He was genuinely concerned that Jim would injure himself while trying to prove he wasn't getting older (even though he's the youngest of us). And no matter how bad it was, it would still be better than going home and pretending he hadn't made himself a stranger to his family. Jim wanted him there, and that was probably the real reason.
And Jim would owe him.
Spock considered this and the fact that he had not even attempted reparations for his rescue.
No. That's different.
I do not see a significant distinction.
He saw himself in McCoy's mind--disfigured, dying, impossible to imagine how much pain he'd be in, the skin peeling off his hand as he reached for Jim--and there was nothing that could be done.
Spock didn't think he'd ever felt the I can't save him feeling--it was wholly illogical, but still incredibly unpleasant. He realized that McCoy had found the concept of being "owed" insulting. In the human's mind it was quite simple: if you could help, then you did. If you could not, then you tried, and you did both of these things because that was how you were supposed to act.
I should at least buy you dinner Spock thought at him because it was something Jim might say, and the humans seemed to respond positively when he tried to "fun" them.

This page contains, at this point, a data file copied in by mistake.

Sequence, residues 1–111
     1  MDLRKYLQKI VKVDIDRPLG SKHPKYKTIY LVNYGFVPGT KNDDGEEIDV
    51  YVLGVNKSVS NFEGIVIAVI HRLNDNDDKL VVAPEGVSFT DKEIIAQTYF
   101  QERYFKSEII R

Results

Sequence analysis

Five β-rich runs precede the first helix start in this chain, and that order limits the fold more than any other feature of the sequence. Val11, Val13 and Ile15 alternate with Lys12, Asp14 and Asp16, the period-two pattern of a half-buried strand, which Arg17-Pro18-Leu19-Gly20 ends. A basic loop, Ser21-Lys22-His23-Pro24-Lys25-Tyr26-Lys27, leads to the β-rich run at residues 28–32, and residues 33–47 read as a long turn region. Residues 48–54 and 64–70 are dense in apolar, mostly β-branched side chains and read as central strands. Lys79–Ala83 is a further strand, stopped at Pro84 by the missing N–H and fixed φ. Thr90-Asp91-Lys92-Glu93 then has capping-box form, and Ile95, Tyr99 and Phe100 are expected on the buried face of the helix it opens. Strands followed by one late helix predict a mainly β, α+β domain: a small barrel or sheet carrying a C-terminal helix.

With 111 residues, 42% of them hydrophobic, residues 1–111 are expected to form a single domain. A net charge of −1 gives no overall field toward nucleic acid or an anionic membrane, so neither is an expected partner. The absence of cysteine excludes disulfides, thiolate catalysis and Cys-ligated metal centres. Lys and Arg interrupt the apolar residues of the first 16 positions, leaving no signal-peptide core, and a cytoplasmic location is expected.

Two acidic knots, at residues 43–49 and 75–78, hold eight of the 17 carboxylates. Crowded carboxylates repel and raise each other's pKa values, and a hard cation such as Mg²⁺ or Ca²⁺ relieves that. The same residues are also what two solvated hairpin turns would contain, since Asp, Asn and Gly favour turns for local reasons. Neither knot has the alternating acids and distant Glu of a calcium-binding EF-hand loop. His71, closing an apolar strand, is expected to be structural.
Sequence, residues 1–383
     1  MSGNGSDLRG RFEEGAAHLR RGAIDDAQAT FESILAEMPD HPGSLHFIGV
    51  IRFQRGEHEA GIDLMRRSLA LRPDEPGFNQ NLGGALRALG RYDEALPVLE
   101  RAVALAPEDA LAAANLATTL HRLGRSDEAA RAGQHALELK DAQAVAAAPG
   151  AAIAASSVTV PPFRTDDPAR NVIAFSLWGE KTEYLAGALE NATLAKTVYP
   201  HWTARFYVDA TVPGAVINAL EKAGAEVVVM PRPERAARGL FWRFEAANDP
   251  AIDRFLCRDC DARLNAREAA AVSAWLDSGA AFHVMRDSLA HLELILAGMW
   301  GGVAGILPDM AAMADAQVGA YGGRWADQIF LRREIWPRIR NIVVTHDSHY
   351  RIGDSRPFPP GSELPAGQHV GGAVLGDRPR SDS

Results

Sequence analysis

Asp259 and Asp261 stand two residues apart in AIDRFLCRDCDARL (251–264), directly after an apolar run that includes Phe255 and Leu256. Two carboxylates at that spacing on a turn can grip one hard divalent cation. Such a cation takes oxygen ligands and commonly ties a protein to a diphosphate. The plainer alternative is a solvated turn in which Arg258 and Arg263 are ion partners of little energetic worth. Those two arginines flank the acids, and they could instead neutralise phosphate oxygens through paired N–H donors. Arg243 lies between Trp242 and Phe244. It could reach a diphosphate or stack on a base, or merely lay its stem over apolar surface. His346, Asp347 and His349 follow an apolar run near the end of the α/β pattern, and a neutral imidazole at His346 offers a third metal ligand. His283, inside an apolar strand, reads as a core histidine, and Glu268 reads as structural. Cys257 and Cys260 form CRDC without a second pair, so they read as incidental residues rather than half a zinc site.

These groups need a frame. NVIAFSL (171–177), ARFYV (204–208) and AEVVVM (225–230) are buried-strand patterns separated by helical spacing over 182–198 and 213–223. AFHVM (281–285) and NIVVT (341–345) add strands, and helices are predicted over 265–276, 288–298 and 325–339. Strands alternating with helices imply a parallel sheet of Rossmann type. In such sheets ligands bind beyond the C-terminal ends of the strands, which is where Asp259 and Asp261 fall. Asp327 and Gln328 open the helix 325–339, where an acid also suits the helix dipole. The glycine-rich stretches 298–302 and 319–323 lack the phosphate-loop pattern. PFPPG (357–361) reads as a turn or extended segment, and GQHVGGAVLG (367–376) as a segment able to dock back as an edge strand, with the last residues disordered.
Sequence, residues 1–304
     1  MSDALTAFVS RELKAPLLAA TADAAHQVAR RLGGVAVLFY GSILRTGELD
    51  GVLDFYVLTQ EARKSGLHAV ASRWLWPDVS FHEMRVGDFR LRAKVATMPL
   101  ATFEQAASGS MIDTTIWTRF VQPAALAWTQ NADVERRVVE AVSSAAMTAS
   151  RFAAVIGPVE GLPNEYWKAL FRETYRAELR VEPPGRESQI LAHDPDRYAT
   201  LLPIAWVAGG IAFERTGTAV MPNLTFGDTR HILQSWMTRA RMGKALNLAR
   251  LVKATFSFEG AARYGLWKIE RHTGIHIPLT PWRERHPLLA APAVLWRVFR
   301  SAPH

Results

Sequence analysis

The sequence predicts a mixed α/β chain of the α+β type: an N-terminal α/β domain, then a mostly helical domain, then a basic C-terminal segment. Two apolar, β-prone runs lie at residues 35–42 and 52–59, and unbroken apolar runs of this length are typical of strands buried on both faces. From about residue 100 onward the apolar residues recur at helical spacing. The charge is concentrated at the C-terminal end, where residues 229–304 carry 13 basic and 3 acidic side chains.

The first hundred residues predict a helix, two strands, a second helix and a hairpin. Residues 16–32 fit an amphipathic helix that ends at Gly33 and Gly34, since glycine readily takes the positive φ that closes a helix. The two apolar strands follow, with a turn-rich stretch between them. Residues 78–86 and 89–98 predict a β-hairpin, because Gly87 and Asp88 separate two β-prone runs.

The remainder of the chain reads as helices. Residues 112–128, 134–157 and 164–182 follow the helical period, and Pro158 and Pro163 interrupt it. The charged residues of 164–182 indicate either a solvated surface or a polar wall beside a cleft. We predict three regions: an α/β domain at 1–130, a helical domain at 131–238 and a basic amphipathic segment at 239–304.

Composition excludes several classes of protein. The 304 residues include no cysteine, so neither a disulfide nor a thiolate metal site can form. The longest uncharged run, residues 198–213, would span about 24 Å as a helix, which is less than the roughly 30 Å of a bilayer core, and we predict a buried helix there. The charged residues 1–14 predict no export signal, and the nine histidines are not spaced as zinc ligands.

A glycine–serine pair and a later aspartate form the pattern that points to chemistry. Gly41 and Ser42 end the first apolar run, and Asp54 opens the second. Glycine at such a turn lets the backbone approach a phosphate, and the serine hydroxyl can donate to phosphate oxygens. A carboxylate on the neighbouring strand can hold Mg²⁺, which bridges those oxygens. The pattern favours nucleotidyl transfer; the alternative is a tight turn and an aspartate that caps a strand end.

Someplace nice. With an actual, living cook.
The door slid open. "If it isn't my favorite newlyweds," said Jim.
"Mr. Spock, isn't it true that the formation of a telepathic bond is considered a marriage under Vulcan law?" Jim asked.
"It is true, Captain," said Spock.
"The defense rests." Jim put an arm around McCoy's shoulders. "And to think I introduced you two."
McCoy thought Jim was joking about it because he was hurt (should've been him anyway).
Spock was not sure why, but he did not think Jim was jealous. Somehow it made much more sense that Jim felt what humans called "left out".
"And we still haven't gotten a present from you," said McCoy.
"I don't know where you're registered, Bones." He let go of McCoy and squeezed Spock's arm. "How are you, Spock?"
"I am pleased that you will not be mining borite," said Spock. Which was true, and it might be the sort of statement Jim would enjoy.
Jim beamed at him. "Yes, I'm rather pleased about that myself."
Spock did not know what to make of the state of Jim's apartment. "Is this usual?"
"I've been trying to get my affairs in order," said Jim.
"Oh, for...you turned fifty-two, Jim," said McCoy. "Happens to all of us."
"But, Bones, you've had so much more experience being depressingly old."
"Why do I put up with you?"
"What can I say, Bones?"
"That I'm a masochist who's got a thing for hopeless cases?"
"Not exactly how I would have put it..."
"An affair is a sexual liaison in which at least one partner is married?" Spock asked.